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Coding & Quality Measures Tip: Social Determinants of Health

by Feb 27, 2020Education, Patricia Maccariella-Hafey, Quality Measures Tips0 comments

Patricia Maccariella-Hafey, RHIA, CDIP, CCS, CCS-P, CIRCC has over 35 years expertise in the areas of ICD-9-CM, CPT, DRG/APC validation Professional Fee E&M coding, Interventional Radiology, and Facility E&M coding. Patricia is currently Director of Education a healthcare consulting firm specializing in coding compliance review, education and contract coding services.

Pat Maccariella‑Hafey
RHIA, CDIP, CCS, CCS‑P, CIRCC

Executive Director Of Education
AHIMA‑Approved ICD‑10‑CM/PCS Trainer and Ambassador

Our Coding & Quality Measures Series discusses how coding may adversely affect your quality statistics and bottom line. For this week’s tip, our Executive Director of Education, Patricia Maccariella-Hafey, RHIA, CDIP, CCS, CCS-P, CIRCC explores the “Social Determinants of Health” and coded data.


 

The HIM world has been buzzing recently with discussion of “Social Determinants of Health” and coded data.  What does this mean for coders and the HIM field? 

What Are Social Determinants of Health?

First, let’s discuss what they are.  Social determinants of health, oftentimes abbreviated as (SDOH) are the economic and social conditions in which people are born, live, grow, work and age in.  They may impact a wide range of health and quality of life risks and outcomes for patients.   What are they? They can be things such as a history of physical abuse, homelessness, economic circumstances affecting health care, social exclusion and rejection, and problems related to education and literacy.  Although these types of determinants may be documented within the medical record, they may not always be coded by coders.

They are best captured by the ICD-10-CM codes within Chapter 21: Factors influencing health status and contact with health services (Z00-Z99).  Below are some of the broad categories of SDOH codes:

Persons with potential health hazards related to socioeconomic and psychosocial circumstances (Z55-Z65)

  • Z55 Problems related to education and literacy
  • Z56 Problems related to employment and unemployment
  • Z57 Occupational exposure to risk factors
  • Z59 Problems related to housing and economic circumstances
  • Z60 Problems related to social environment
  • Z62 Problems related to upbringing
  • Z63 Other problems related to primary support group, including family circumstances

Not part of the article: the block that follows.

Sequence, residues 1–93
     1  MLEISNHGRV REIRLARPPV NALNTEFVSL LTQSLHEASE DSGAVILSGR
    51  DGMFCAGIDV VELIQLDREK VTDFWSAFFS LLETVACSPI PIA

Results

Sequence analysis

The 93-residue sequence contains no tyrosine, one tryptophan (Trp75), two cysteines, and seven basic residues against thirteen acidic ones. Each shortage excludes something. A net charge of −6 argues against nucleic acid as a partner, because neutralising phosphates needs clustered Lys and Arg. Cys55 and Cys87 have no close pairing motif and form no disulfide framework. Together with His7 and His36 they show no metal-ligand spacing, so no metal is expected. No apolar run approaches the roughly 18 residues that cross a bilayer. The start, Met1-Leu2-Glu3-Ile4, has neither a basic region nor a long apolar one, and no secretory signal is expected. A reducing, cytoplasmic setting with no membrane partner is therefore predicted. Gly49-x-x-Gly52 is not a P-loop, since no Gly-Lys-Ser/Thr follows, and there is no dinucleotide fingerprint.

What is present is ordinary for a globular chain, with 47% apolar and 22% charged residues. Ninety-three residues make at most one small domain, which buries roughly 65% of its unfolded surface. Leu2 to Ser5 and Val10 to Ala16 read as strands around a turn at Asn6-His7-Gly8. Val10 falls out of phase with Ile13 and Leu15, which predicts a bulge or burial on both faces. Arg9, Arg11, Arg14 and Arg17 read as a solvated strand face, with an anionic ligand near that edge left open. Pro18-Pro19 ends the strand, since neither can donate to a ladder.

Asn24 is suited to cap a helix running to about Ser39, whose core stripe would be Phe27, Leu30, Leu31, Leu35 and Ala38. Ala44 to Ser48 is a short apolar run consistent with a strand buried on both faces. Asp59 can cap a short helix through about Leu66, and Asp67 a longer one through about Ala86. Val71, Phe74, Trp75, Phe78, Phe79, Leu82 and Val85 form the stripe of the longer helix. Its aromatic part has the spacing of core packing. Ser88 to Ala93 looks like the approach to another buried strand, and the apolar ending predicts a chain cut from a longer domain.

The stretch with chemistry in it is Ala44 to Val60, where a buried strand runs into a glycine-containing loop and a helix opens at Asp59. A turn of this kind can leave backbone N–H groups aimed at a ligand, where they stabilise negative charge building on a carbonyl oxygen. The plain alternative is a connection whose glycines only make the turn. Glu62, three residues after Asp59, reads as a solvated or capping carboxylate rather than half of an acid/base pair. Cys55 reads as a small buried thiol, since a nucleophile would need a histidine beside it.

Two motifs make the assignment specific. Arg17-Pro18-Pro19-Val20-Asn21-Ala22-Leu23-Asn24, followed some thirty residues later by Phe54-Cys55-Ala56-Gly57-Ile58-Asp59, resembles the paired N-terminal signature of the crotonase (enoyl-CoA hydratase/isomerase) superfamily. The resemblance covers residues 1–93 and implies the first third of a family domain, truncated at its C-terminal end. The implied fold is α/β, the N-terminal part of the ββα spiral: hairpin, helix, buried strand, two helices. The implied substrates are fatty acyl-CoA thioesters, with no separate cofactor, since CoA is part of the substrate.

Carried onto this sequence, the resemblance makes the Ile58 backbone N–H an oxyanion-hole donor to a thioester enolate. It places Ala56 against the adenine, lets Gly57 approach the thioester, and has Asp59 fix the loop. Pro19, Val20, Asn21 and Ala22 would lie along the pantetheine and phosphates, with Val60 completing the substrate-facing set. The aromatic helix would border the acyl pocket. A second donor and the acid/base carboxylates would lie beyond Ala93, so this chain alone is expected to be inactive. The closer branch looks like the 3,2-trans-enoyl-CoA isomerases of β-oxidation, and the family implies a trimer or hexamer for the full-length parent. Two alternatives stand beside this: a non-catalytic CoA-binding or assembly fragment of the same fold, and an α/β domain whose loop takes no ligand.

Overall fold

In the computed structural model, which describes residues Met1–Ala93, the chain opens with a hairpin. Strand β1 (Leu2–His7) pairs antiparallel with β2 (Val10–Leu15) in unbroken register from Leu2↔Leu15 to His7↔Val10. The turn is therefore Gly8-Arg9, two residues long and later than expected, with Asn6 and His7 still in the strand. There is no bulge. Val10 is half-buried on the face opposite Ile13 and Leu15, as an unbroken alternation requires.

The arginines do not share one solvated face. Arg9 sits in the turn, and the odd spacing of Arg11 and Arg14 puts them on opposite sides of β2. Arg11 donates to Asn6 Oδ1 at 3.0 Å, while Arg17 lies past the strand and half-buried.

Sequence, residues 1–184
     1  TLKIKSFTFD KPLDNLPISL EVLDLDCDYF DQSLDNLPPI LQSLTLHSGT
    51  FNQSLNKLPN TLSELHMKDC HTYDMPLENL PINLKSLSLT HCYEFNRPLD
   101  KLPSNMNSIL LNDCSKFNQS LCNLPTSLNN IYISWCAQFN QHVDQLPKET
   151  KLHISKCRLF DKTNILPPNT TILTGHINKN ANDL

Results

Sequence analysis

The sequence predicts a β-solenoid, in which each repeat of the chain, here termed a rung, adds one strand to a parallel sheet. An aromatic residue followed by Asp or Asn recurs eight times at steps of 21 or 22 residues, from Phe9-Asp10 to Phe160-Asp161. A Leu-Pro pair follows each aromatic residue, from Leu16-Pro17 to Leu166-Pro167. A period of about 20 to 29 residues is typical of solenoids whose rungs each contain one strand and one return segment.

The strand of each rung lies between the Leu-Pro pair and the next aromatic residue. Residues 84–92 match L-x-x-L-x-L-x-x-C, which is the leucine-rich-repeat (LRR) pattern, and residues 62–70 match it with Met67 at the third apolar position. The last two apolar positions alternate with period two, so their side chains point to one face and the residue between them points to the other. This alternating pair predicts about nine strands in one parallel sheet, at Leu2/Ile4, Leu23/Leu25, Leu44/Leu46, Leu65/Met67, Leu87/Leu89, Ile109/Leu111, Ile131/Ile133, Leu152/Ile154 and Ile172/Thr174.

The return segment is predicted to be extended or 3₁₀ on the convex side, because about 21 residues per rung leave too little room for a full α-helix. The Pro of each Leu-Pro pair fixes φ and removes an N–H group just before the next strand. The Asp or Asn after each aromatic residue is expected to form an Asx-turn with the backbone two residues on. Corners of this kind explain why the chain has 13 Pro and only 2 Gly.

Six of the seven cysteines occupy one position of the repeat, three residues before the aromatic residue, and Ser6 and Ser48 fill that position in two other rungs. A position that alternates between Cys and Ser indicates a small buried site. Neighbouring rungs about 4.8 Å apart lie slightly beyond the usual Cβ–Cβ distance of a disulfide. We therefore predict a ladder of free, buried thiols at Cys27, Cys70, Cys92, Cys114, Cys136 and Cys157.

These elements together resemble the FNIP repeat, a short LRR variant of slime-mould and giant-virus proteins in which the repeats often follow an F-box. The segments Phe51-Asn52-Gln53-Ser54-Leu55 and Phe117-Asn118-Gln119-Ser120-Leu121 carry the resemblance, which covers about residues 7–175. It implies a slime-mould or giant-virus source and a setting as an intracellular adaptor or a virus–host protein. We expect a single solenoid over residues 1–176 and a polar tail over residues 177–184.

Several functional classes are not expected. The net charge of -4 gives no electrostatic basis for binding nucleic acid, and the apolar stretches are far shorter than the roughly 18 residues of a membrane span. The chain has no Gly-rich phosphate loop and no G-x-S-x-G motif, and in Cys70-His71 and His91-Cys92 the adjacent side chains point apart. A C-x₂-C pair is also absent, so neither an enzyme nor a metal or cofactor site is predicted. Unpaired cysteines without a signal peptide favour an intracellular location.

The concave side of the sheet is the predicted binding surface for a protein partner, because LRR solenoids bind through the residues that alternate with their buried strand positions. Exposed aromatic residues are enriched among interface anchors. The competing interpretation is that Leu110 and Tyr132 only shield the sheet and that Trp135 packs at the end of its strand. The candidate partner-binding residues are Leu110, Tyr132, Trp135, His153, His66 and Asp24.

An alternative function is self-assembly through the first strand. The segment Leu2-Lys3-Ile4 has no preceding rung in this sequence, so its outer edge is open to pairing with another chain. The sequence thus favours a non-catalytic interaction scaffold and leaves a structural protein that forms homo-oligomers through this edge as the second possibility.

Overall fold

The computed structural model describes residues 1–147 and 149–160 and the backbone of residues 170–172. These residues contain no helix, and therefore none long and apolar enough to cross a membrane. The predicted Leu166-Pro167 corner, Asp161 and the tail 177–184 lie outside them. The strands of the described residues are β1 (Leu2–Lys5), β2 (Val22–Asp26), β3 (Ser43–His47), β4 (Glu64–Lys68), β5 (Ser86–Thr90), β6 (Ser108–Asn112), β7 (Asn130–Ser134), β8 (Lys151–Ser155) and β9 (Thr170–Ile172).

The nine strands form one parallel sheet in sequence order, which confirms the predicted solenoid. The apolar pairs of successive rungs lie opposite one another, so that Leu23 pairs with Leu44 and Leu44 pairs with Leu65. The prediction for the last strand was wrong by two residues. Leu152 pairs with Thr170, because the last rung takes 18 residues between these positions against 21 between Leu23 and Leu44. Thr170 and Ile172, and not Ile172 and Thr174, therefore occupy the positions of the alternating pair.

• Z64 Problems related to certain psychosocial circumstances
  • Z65 Problems related to other psychosocial circumstances

 

How Are Social Determinants of Health Codes Used?

The data collected from claims with reported SDOH codes is being used by CMS to analyze data and health trends. This document by CMS highlights how CMS is using the data: https://www.cms.gov/files/document/cms-omh-january2020-zcode-data-highlightpdf.pdf

For example, of the 33.7 million total Medicare fee for service beneficiaries in 2017, approximately 1.4% had claims with Z codes.  The 5 most utilized Z codes from this article were:

  • Z59.0 – Homelessness
  • Z60.2 – Problems related to living alone
  • Z63.4 – Disappearance and death of family member
  • Z65.8 – Other specified problems related to psychosocial circumstances, and
  • Z63.0 – Problems in relationship with spouse or partner

The worse conditions have been shown to negatively affect outcomes such as hospital readmission rates, length of stay, and use of post-acute care services.   A 2014 National Academies of Medicine (NAM) report suggested that the collection of SDOH data in an electronic health record Is necessary to empower providers to address health disparities and to support further research on the effects of SDOH.

For example, of the 467,136 Medicare FFS beneficiaries in 2017 with Z code claims, 334,373 individuals which represents 72% had hypertension, and 248,726 individuals which is 53% had depression. You can see where the use of the SDOH data can be helpful in various ways.

The data source for the study in Medicare claims came from the CMS Chronic Condition Data Warehouse (CCW) (www.ccwdata.org)

What is a Coder to Do?

Coders are not new to “Z” codes and have frequently assigned these for things such as personal and family histories, statuses and for long term use of drugs, among other things.  Coders should become familiar with Z codes that include SDOH if they have not already. Usually coders put little emphasis and time on finding SDOH in the EHR and coding them. However this is changing and coders should begin to identify the documented SDOH and code them in ICD-10-CM when documented and codes are available.  They do not necessarily have to be documented by the actual physician or provider. According to AHA Coding Clinic, 1Q2018 page 18, categories Z55-Z65 are acceptable to report based on information documented by other clinicians involved in the care of the patient.  That means that coders can code SDOH from nursing and other documentation.

The coder should check with their facility to see if there are specific areas in the EHR where this is documented if it is not evident.  Coders are going to be seeing the  documentation of SDOH increasing.   I encourage all coders to read the article in the link below under “References” so they can see the breadth of the use of this data.

As we can see above, the use of coded data is becoming more and more robust and required in an ever changing healthcare world.

 

References
cdc.gov/socialdeterminants/index.htm
aha.org/system/files/2018-04/value-initiative-icd-10-code-social-determinants-of-health.pdf

The information contained in this post is valid at the time of posting. Viewers are encouraged to research subsequent official guidance in the areas associated with the topic as they can change rapidly.

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